Another morning at Las Tangaras, trying to pick up some of out missing targets saw us back up by the Hummingbird feeders for first light. As dawn broke over the Western Andes a Collared Forest-falcon called but failed to show. Walking the road produced a few new species, notable Olive Finch, Rufous-browed Tryannulete; Lemon-browed Flycatcher; Collared Trogon; Choco Vireo; Black and White Becard, Golden-winged Manakin; Yellow-collared Honeyeater and Hepatic Tanager.
Back at the lodge for lunch a pair of Hawks over the ridge caused some confussion at first before giving themselves up as a pair of Variable Hawks.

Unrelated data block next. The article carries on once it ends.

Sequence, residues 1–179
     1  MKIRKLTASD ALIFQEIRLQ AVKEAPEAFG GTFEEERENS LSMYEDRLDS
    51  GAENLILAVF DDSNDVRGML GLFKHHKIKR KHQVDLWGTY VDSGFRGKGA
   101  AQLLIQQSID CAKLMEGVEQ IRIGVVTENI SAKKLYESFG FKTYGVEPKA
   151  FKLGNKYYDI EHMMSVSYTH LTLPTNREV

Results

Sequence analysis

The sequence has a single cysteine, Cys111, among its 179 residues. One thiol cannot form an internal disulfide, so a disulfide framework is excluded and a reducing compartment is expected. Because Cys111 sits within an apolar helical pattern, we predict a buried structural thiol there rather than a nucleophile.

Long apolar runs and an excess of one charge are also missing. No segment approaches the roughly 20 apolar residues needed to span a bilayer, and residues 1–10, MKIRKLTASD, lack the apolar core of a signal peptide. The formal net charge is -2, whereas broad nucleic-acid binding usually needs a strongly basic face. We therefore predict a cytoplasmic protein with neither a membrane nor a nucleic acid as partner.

After lunch it was on the road back to Medellin, hopefully picking up Apical Flycatcher, which had eluded us so far. With the species seemingly absent from its usual haunts in the Cauca Valley Alejandro decided to try a new site, which meant crossing the River Cauca further north than usual. We eventually got to the correct spot, an area of sandy forest and despite the mid afternoon heat started to search for the flycatcher. The forest was quiet, not surprising given the time of day and the going was slow, but a singing Crested Oropendula was new for the trip. Recent rains had left damp patches in the sand and some of these attracted numerous small, colourful butterflies, of 2 species . Just as we were beginning to give up hope, Alejando hear a flycatcher and we soon located it, quite high. Unsatisfactory views were obtained, just about allowing us to note the salient features before if flew off. Well we’d seen it, but the views were, at best, poor. Making our way back to the bus another individual was found in a cleared area and this provided clear, prolonged views. Now it could be satisfactorily ticked. After this success,. It was back on the road to Medellin.